Exploring Gaze Behaviors Toward Images of Physically Active Individuals with a Physical Disability

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Weissman, Shannon
Lithopoulos, Alexandra
Tomasone, Jennifer
Latimer-Cheung, Amy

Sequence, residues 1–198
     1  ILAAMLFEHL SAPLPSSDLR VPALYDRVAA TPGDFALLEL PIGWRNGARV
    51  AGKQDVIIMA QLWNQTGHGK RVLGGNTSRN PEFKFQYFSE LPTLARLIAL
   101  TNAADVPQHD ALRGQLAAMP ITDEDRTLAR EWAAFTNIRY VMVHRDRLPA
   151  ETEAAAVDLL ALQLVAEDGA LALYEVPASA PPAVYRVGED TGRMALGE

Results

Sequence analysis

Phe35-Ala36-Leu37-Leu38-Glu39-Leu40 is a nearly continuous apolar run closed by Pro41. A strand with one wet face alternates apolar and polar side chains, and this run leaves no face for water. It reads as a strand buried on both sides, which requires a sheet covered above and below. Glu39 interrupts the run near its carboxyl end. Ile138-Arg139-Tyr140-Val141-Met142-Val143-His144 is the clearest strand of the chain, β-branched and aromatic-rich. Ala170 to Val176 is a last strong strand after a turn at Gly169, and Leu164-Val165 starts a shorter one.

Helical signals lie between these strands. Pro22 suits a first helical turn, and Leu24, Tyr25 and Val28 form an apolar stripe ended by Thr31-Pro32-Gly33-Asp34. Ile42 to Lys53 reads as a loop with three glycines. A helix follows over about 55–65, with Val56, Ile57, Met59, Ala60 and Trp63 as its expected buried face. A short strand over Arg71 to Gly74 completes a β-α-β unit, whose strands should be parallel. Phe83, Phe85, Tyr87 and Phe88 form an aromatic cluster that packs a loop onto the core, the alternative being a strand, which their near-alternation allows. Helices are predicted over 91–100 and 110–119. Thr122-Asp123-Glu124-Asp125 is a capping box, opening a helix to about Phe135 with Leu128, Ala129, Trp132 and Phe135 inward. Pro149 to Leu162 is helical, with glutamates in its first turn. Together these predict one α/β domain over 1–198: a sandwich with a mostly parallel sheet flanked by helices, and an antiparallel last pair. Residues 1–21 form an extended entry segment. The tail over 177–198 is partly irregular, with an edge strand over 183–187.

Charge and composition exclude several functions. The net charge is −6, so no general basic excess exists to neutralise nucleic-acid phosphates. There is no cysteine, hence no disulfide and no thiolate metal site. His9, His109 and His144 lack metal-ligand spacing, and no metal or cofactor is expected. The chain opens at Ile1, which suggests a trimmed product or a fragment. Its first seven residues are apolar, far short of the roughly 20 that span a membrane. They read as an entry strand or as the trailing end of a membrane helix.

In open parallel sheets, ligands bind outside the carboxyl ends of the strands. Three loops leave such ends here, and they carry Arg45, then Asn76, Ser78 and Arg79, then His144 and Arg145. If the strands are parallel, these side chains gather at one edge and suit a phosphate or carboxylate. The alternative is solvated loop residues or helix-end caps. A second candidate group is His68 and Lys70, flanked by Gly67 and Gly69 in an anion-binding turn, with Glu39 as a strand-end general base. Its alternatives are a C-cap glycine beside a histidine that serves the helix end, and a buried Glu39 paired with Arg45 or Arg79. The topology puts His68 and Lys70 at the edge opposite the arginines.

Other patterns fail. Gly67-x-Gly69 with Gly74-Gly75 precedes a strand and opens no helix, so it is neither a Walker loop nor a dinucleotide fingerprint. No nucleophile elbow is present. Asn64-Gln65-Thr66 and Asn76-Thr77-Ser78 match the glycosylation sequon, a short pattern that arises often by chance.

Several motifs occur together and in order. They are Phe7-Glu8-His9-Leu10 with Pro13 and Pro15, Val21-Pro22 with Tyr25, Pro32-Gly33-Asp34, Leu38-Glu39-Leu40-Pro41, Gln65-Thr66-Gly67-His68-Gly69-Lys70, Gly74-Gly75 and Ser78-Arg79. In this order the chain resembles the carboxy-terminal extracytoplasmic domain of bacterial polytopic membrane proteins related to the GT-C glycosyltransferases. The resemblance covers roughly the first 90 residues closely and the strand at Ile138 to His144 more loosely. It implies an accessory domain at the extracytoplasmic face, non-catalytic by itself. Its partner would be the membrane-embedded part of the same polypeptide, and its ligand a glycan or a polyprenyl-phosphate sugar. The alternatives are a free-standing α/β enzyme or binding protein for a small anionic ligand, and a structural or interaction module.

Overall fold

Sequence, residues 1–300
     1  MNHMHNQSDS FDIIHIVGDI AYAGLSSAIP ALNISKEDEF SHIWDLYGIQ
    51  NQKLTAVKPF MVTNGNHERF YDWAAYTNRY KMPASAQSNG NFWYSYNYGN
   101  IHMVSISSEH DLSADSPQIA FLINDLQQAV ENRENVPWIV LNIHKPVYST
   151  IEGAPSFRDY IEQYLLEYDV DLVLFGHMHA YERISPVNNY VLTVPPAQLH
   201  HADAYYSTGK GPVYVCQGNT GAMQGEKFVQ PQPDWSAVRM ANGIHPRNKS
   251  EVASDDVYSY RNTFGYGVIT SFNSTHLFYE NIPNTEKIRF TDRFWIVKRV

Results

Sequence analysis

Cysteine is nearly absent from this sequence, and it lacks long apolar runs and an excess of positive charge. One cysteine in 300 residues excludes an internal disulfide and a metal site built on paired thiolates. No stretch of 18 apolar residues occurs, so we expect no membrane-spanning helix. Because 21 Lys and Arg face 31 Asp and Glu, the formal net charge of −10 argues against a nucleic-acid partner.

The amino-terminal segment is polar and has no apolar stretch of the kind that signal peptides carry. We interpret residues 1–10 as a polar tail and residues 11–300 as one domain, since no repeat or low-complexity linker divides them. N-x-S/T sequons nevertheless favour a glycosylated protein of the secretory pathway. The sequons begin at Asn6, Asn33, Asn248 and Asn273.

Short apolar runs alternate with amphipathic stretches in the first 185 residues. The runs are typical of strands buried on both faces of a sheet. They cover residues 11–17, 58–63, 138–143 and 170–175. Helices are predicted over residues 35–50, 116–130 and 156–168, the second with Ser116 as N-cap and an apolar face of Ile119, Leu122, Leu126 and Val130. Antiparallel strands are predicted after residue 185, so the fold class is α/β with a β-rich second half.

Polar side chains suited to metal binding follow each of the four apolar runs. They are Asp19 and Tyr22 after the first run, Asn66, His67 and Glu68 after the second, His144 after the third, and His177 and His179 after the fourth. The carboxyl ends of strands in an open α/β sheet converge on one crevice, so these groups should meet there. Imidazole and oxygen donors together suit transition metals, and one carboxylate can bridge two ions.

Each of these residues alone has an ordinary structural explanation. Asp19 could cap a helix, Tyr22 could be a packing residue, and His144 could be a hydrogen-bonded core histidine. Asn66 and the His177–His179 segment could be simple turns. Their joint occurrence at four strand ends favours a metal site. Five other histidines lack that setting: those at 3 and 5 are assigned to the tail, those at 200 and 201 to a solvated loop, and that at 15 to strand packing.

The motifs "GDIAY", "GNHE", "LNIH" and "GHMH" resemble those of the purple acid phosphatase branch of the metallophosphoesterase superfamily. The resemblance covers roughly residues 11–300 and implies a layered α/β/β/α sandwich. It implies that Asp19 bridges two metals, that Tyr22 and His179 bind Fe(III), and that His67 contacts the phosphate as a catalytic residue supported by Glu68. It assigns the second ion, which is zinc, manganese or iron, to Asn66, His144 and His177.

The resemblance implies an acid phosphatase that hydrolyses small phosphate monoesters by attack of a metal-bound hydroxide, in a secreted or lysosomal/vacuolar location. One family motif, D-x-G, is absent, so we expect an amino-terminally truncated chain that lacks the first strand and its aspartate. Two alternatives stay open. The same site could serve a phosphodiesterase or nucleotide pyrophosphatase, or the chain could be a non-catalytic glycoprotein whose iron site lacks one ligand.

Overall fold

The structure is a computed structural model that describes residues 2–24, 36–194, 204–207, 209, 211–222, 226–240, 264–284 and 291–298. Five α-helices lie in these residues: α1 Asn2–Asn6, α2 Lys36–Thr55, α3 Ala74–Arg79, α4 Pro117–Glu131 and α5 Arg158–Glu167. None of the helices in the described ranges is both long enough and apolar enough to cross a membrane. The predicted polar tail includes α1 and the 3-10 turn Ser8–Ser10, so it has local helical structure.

Objectives: The study had two main objectives: (1) to characterize able-bodied adults’ gaze behaviors when viewing images of people with and without physical disabilities and in turn, (2) to examine whether portraying a person with a disability as physically active (shown participating in physical activity [i.e, sport/exercise]) versus inactive (not engaging in physical activity) affects gaze behavior. The study also had an exploratory objective: to examine the specific physical traits able-bodied adults gaze at when viewing active versus inactive people with physical disabilities. Design: Within-subjects cross-sectional design consisting of 63 men and women without self-reported disabilities (Mage = 21.22 ± 2.52 years). Method: Participants viewed a series of 48 images for five seconds each. Images featured an able-bodied or disabled, active or inactive model. Eye movements were recorded while viewing each image. Differences in gaze behavior were assessed using a series of repeated measures multivariate factorial ANOVAs with Bonferroni-corrected pairwise comparisons to decompose interactions. Results: Participants gazed significantly more at images of individuals with physical disabilities than images of able-bodied individuals. Furthermore, participants gazed significantly less at images portraying active versus inactive individuals with physical disabilities. A greater proportion of gaze behavior was directed toward the assistive device when the person with a disability was portrayed as active versus inactive. Conclusions: This study demonstrated that able-bodied adults may gaze less at images of individuals with physical disabilities who are depicted as active versus inactive. Further research is needed to examine how these gaze patterns translate to live social situations